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Postoperative endophthalmitis due to Burkholderia cepacia complex from contaminated anaesthetic eye drops
  1. Prajna Lalitha1,
  2. Manoranjan Das2,
  3. Patwari S Purva3,
  4. Rajaratinam Karpagam1,
  5. Manoharan Geetha1,
  6. Jeganathan Lakshmi Priya1,
  7. Kannan Naresh Babu3
  1. 1Department of Ocular Microbiology, Aravind Eye Hospital, Madurai, India
  2. 2Department of Cornea and Refractive Surgery, Aravind Eye Hospital, Madurai, India
  3. 3Department of Retina, Aravind Eye Hospital, Madurai, India
  1. Correspondence to Dr Prajna Lalitha, Aravind Eye Hospital, 1 Anna Nagar, Madurai, Tamil Nadu 625 020, India; lalitha{at}


Objective To report the clinical presentation and outcomes of cluster postcataract Burkholderia cepacia complex endophthalmitis, the source of infection and clonal relatedness of the isolates.

Methods This was a retrospective study on 13 patients who developed acute postoperative endophthalmitis, along with an infiltrate at the corneal section, after an uneventful cataract surgery with intraocular lens implantation. Aqueous aspirates, vitreous aspirates and environmental surveillance specimens were sampled. Genotypic diversity was determined by PCR using BOX-PCR for each strain, and the clonal relationship was established between clinical and eye drops isolates.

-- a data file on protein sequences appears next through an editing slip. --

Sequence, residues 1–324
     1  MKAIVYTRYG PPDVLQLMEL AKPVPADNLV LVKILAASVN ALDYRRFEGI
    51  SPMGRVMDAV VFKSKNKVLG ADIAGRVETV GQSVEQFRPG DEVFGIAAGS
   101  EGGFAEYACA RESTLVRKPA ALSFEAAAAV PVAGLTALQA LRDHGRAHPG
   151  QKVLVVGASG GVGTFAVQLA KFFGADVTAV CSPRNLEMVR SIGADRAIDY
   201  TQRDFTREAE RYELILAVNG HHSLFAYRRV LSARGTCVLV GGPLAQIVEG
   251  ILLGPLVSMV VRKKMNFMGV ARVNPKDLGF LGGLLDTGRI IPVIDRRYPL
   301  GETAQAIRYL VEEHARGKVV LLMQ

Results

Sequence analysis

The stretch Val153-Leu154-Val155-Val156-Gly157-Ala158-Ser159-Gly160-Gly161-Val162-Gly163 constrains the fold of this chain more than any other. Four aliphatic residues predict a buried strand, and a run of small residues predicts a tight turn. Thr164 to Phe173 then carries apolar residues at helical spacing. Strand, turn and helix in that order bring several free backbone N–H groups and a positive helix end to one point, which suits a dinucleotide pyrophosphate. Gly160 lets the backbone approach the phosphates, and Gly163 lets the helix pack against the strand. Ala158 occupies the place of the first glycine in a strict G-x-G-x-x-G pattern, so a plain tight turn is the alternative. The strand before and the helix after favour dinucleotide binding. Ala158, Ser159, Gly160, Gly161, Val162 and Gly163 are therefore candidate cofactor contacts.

Results Vitreous samples showed B. cepacia in cultures in all 13 eyes. Among the samples from various surveillance specimens cultured, topical anaesthetic eye drops grew B. cepacia. The isolates from the patients and the eye drops solution revealed matching banding patterns in BOX-PCR. Isolates from the patients and eye drops were susceptible to cefotaxime and piperacillin/tazobactam only. 9 (69%) patients out of 13 had a final visual acuity of 6/60 or better. Among the remaining four patients, three had a vision of perception of light and one had final vision of 1/60.

Conclusions Microbiology culture and BOX-PCR results revealed contamination of local anaesthetic eye drops and the same organism was cultured from a group of patients with acute-onset postoperative endophthalmitis after an uneventful cataract surgery. Outbreaks may occur in the most vigilant settings, and any sterile consumable may be a common link.

  • Microbiology
  • Infection